"In the past, a reservation was counted as a single farm. Now, each individual farmer or rancher on the reservation is counted, providing a truer picture of agricultural activity on our nation's American Indian reservations," said Carol House, deputy administrator for NASS.

During the 2002 Census of Agriculture, NASS conducted a pilot project to collect and publish reservation-level data for individual farms and farm operators on 19 reservations in Montana, South Dakota and North Dakota.

"Because of the success of this project, we significantly expanded our efforts in 2007, collecting data from farm and ranch operators on American Indian reservations in every state," House said.

The publication, along with all other 2007 Census of Agriculture publications and results, is available online at or by calling (800) 727-9540.

Thursday, June 18, 2009

Two Spirits Producers Send out an SOS

The clock is ticking for Two Spirits: Sexuality, Gender, and the Murder of Fred Martinez, an award-winning documentary that explores homophobia and the powerful story of a transgender Navajo teen who became one of the youngest hate crime victims. The producers need to raise $19,000 to finish the film, and they must do it fast.

A goal of the documentary is to educate society on how multi-gendered people enrich lives and why people must be free to be their true selves.

Five years in the making, the documentary has important deadlines to meet. The producers sent out their call for help in March, but as of early June had not yet raised any money.

Read more here.

Wednesday, June 17, 2009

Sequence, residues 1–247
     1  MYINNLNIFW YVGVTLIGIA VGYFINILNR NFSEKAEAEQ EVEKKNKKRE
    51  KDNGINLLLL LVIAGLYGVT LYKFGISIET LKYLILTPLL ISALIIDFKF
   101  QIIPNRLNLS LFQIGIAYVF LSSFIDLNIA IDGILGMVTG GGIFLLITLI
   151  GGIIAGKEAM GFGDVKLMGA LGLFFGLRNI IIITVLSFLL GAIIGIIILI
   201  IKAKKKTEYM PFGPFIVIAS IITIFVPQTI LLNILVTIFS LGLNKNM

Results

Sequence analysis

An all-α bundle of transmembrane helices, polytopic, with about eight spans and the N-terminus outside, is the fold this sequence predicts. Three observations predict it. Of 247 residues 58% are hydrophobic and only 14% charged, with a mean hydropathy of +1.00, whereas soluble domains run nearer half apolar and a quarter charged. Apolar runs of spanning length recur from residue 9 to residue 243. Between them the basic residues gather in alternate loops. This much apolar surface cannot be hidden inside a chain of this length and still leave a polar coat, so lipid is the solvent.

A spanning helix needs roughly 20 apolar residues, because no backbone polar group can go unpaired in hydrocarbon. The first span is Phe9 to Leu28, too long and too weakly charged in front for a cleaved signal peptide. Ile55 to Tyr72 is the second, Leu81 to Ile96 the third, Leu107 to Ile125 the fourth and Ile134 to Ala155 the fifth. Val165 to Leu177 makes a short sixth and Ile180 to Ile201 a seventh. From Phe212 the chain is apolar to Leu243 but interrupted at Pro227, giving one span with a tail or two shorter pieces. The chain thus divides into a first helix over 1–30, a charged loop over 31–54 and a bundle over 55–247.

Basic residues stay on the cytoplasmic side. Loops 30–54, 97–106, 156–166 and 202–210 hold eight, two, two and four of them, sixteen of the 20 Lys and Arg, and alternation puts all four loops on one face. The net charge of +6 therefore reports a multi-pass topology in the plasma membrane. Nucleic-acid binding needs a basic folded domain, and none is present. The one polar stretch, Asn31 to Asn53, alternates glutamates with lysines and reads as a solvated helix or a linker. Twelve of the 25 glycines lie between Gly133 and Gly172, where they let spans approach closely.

Only Native American U.S. Attorney to be Replaced

The Arizona Republic is reporting that President Obama is poised to replace the first and only Native American to serve as a U.S. attorney.
Dianne Humetewa, an enrolled member of the Hopi tribe, worked her way up through the ranks of the U.S. attoney's office, starting as a tribal liaison and victim rights advocate. She was appointed to the post 18 months ago by former President George W. Bush.

Humetewa will likely be replaced by Phoenix lawyer Dennis Burke, who was formerly the chief of staff for former Ariz. Gov. Janet Napolitano. Some are charging that his appointment to the post is political patronage.

Monday, June 15, 2009

Holder to Convene Listening Conference with Tribal Leaders

U.S. Attorney General Eric Holder will convene a Tribal Nations Listening Conference later this year to confer with tribal leaders on how to address the chronic public safety problems in Indian Country.

The Listening Conference was announced today by Associate Attorney General Tom Perrelli at the National Congress of American Indians mid-year session in Niagara Falls, New York.

Prior to the Listening Conference, Perrelli and Deputy Attorney General David W. Ogden will convene a series of regional summits to seek tribal representatives’ input in setting the agenda. Those planning sessions will include Department component leaders, tribal leaders and experts in relevant areas to begin a dialogue on a range of important issues including the following: law enforcement policy and personnel; communications and consultation; grants and technical assistance; detention facilities; federal prosecution in Indian country; tribal court development; domestic violence; drug courts and substance abuse; federal litigation involving tribes and civil rights. No locations or dates have been announced.

Wednesday, June 10, 2009

Feds Bust Network Trafficking in Stolen Native Artifacts

Twelve indictments charging 24 defendants with violations of the Archaeological Resources Protection Act (ARPA) and the Native American Graves Protection and Repatriation Act (NAGPRA) were unsealed this morning in Salt Lake City.  The case involves 256 artifacts totaling $335,685.

The indictments were announced this morning in Salt Lake City and are the culmination of a two-year undercover operation targeting a network of individuals allegedly involved in the sale, purchase and exchange of artifacts illegally taken from public or Indian lands in the Four Corners region of the country.  The investigation represents the nation’s largest investigation of archaeological and cultural artifact thefts.